The idea and practice of tax is considered to a central component of the modern relationship between the modern citizen and their governments in the developed world.
From the Magna Cart and the first rumblings of Western parliamentary democracy to the cries of “no tax without representation” that heralded the beginning of the American war of independence, issues of taxation have been at the forefront of some of the most important events in our collective history.
Some of the Weirdest Taxes Ever Levied In History
And while some of us think that the very concept of taxation is unjust and barmy to this day, there are instances in history of some mind-bendingly strange taxes being levied on the people of the world.
A look back at some of these should not only provide with us with an interesting look at one of the more underappreciated historical drivers, but should also reinforce just how far we have come as a species in reigning back the unfettered power of kings and spiritual leaders.
So next time you find yourself grumbling about your tax bills, just spare a thought for the poor suckers that had to pay for the following…
The Roman Urine Tax
If you find the idea of taxing urine strange, just stop for a moment to consider the basic idea that underlines it: that in the time of the Romans, urine was a valuable enough commodity to be bought and sold!
Under the emperors Nero and Vespasian the poor citizens of Rome had to pay a tax for the honour of urinating into a pot, and then paying a second tax for the pot to be emptied into a big cesspool so the ammonia that it contained could be used to tan leather and wash clothes.
The English Hat Tax
This was a rather inventive, and stupid, variant of a tax on wealth that operated in England from 1784 to 1811. The logic at work here is that rich people would have more hats and would be more likely to replace worn and damaged hats quicker than your average Joe. During this time you even had to have a special permit to sell hats.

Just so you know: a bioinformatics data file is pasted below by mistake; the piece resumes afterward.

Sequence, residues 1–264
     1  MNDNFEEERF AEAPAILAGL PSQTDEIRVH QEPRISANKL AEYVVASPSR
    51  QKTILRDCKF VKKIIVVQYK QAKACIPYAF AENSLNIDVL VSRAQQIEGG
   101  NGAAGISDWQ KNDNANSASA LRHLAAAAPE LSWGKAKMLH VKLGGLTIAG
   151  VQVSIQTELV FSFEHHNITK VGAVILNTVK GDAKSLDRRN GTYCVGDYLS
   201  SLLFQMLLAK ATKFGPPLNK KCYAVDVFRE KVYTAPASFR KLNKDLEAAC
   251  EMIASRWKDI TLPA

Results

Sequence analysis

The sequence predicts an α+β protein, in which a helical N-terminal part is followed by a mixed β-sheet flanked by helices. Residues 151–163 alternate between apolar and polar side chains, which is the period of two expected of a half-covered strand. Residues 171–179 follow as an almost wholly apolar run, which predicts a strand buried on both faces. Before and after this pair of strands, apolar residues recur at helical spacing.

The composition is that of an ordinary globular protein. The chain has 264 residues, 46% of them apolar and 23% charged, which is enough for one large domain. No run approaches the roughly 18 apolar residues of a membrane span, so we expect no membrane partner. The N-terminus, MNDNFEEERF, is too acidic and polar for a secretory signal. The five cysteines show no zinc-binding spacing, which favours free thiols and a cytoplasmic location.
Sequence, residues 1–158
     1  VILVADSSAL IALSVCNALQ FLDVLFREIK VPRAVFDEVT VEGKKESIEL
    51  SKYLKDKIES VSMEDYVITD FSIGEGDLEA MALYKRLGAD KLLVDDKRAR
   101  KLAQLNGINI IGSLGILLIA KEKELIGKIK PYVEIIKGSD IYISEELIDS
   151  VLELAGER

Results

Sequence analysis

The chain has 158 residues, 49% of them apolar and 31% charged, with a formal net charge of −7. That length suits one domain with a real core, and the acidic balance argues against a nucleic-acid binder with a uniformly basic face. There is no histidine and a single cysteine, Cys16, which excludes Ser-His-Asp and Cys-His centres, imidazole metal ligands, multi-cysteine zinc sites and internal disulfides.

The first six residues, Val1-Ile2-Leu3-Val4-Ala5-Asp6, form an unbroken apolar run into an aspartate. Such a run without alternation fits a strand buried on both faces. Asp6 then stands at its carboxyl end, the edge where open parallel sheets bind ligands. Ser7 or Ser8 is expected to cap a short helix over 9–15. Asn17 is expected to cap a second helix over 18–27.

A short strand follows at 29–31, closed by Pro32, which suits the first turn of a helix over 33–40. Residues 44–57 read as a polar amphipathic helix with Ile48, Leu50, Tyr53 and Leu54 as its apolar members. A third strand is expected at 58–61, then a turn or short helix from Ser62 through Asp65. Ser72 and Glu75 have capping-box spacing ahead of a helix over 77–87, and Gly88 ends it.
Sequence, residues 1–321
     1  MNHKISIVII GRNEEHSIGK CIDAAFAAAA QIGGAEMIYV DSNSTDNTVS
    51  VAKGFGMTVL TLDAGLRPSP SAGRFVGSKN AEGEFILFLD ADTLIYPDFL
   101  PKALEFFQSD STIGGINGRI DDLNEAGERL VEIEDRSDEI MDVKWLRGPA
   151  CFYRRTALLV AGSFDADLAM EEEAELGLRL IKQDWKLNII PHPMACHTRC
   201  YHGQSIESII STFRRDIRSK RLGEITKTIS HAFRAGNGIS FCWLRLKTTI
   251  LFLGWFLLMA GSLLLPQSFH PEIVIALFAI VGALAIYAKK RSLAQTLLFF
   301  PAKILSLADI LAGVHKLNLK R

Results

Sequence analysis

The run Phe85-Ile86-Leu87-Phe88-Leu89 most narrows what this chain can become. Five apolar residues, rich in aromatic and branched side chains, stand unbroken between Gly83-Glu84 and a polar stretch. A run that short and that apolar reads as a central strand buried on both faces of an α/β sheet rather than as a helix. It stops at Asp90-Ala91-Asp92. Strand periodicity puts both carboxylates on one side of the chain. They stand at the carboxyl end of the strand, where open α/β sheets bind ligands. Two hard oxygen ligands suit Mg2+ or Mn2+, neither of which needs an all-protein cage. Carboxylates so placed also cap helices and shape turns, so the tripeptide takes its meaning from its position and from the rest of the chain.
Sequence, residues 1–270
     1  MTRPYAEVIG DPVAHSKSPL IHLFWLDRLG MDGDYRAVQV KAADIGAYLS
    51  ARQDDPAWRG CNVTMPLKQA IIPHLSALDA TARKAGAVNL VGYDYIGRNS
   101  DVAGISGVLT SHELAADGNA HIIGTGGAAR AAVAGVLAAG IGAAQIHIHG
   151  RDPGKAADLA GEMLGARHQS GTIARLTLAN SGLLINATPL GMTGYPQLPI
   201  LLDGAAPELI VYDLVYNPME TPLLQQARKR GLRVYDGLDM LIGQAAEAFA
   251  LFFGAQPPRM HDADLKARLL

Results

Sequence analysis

The English/Russian Beard Tax
You could be taxed in England for having a beard both in the time of Henry VIII and that of his daughter Elizabeth I, although the latter stipulated that the beard could be grown for two weeks before becoming taxable…which is obviously completely unworkable as every beard grows at different speeds!
Peter I of Russia just thought that beards weren’t smart enough for his population to be rocking and decided to make some money out of it.
The American Candy Tax
It seems strange for the land of candy, and John Candy of course, to introduce a tax on sugary and unhealthy treats, but that is exactly what the US state of Illinois did in 2009.
The problem came with the rather bizarre classification that was used for the tax. If a sweet foodstuff contains sugar or needs to be refrigerated it is by law not considered to be candy and therefore not subject to the tax. This means that a chocolate covered carrot could be deemed to be candy while a chocolate covered flapjack would not, and that of the two varieties of Milky Way sold in the states, one was candy and the other was not.
This is only a sample of some the strange ways in which our rulers have charged us for the pleasure of doing, having and buying things. I would definitely need to get some tax return help if I had to factor in my beard or collection of hats when thinking about tax.
Just be thankful that don’t all have to collect and wash our clothes in urine anymore I guess!
Anyone else got any good examples of historically ridiculous taxes?  

Leave a Reply

Your email address will not be published. Required fields are marked *